Rhino Rampage has harnessed the energy of a rampaging rhino and packed it into a pre workout! Complete with pre-workout essentials, beta-alanine, advanced Pepform® Citrulline, a huge energy complex, and other ingredient, Rhino Rampage is setting new standards for all pre workouts.
- 3-Aminopropanoic Acid (Beta-Alanine; 2,500mg) – buffers lactic acid and enhances muscular work capacity during high intensity exercise.
- Pepform® Citrulline (2,000 mg) – All the benefits of citrulline in a more advanced delivery system with whey peptides for enhanced absorption!
- Rampage Jungle Energy Matrix (890 mg) – Packed with renowned ingredients, like caffeine (anhydrous & Infinergy™; 450 mg total caffeine), TeaCrine™, Dynamine™, Octopalean™, synephrine, Eria jarensis, & rauwolscine, for unparalleled energy and laser-like focus.
- Amentopump™ (50 mg) – Inhibits PDE; this is the same mechanism as sildenafil (Viagara). As a result, your dilated veins allow blood to flow more freely, giving you monster pumps!
- KannaEase™ (25 mg) – A renowned African herb known for its psychoactive properties providing reduced anxiety and improved performance!
*These statements have not been evaluated by the Food and Drug Administration. This product is not intended to diagnose, treat, cure, or prevent any disease.
Niacin is a form of Vitamin B3. Vitamin B3 is found in many foods including yeast, meat, fish, milk, eggs, green vegetables, beans, and cereal grains.
- Niacin promotes health in the nervous system, digestive system, skin, hair and eyes.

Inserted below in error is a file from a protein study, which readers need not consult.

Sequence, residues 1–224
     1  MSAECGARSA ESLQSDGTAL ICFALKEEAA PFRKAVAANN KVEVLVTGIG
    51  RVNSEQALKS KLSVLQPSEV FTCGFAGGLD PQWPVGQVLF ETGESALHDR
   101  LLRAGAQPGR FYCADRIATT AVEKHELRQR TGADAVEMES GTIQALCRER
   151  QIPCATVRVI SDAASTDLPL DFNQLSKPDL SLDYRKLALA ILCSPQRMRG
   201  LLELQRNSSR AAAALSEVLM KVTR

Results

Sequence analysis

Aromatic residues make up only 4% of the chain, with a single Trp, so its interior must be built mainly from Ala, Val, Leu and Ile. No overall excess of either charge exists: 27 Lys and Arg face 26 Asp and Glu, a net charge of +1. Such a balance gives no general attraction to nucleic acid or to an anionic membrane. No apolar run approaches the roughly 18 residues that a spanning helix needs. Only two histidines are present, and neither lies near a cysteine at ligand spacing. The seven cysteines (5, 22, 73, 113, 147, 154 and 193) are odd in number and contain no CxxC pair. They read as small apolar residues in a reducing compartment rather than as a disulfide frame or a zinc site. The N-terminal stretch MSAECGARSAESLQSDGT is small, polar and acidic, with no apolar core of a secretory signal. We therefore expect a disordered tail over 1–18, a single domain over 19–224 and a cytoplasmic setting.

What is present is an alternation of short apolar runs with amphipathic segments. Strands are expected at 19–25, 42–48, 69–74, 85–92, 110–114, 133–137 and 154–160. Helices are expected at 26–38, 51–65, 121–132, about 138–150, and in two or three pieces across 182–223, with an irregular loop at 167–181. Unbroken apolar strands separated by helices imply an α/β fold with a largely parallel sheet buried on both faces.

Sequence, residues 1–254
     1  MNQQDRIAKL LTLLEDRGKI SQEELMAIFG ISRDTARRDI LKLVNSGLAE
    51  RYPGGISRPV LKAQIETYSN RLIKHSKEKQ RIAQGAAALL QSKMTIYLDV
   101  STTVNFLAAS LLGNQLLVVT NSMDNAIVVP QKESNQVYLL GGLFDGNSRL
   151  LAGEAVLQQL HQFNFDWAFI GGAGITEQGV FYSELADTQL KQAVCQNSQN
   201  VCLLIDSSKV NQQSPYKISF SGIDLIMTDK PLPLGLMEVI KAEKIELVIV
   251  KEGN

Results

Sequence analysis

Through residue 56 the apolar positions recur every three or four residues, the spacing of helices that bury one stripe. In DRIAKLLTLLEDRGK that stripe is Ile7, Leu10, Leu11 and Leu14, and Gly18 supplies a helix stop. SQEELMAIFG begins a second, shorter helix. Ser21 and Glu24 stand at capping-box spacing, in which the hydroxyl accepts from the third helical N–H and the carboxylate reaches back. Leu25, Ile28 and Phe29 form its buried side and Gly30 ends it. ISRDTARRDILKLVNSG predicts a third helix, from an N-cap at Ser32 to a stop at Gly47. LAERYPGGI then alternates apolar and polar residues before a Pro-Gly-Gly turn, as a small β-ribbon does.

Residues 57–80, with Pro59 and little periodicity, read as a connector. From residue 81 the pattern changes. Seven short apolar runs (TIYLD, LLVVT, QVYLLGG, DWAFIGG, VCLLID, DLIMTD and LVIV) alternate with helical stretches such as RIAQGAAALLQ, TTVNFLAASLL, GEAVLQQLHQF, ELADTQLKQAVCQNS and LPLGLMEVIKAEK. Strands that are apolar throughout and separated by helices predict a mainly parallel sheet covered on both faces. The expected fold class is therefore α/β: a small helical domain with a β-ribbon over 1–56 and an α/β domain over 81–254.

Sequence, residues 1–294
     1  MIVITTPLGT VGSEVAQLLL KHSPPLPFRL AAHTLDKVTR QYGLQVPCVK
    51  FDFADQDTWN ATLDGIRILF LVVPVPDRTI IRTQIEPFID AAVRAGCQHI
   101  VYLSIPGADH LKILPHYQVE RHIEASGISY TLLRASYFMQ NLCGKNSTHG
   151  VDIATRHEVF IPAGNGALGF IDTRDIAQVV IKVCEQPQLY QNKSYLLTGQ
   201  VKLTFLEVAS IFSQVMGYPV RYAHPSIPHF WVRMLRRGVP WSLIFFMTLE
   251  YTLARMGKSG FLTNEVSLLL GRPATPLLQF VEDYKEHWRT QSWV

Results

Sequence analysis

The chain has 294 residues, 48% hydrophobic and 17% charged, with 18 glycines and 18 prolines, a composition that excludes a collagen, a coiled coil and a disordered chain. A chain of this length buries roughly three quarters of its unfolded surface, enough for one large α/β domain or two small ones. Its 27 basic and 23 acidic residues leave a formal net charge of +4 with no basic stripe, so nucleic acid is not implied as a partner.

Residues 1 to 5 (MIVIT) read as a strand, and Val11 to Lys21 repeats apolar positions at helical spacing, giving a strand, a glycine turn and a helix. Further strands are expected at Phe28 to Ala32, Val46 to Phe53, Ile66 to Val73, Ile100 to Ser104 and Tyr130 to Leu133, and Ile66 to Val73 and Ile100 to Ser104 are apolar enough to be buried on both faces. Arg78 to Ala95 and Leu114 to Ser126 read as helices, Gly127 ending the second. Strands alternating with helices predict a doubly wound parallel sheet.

- Niacin has long been used to increase high-density lipoprotein (HDL), or the “good,” cholesterol. HDL cholesterol helps sweep up low-density lipoprotein (LDL), or the “bad,” cholesterol, in your bloodstream.
- Niacin also helps improve liver function, metabolize food, and helps your adrenal glands produce sex and stress hormones.
- Niacin is also known for increasing blood circulation.
- Blond et al. discovered in 20 men without diabetes but with dyslipidemia, 2g niacin supplementation over the course of eight weeks promoted a reduction in triglycerides (28%) and VLDL (68%) while increasing HDL cholesterol (17%).
Cobalamin (B12) may be the most popular of the B vitamins. Indeed, B12 does help with energy as well as oxygen transport and nervous system function.
- In B12-deficient athletes and ill persons, supplementation with B12 enhances endurance.
- Required for the formation of hemoglobin and prevents pernicious anemia.
- Involved in the replication of DNA.
If we were to rank essential pre workout ingredients, citrulline would be at the top of our list. Because arginine does not survive first pass liver metabolism, citrulline is a better arginine (by conversion recycling) and nitric oxide enhancer, and citrulline has been shown to increase training volume and blood flow.
- May increase maximal training volume nearly 20%, and training volume is the strongest predictor of muscle hypertrophy.
- Improves recovery time between sets, making workouts more efficient.
- Scientific investigations on citrulline have observed that it improves ATP production during exercise over 30% while working synergistically with creatine to improve phosphocreatine resynthesis rates.
- Comparison of Pepform® Citrulline to regular citrulline has shown that Pepform® outperforms by 200%
Norvaline is an isomer of valine that has the function of inhibiting the arginase enzyme.
- Arginine helps increase NO levels and promote vasodilation and pumps.
- Arginase is the enzyme that breaks down arginine, decreasing the amount available to generate NO.
- Supplementing with norvaline extends the effects of other NO boosters and amplifies their vasodilating effects.
AmentoPump is the plant essence of Selaginella tamariscina containing amentoflavone whose “claim to fame” is the ability to directly enhance strength. AmentoPump™ has some very interesting properties, varying from increased fat breakdown to vasodilation, which may also increase the body's ability to get nutrients into muscle cells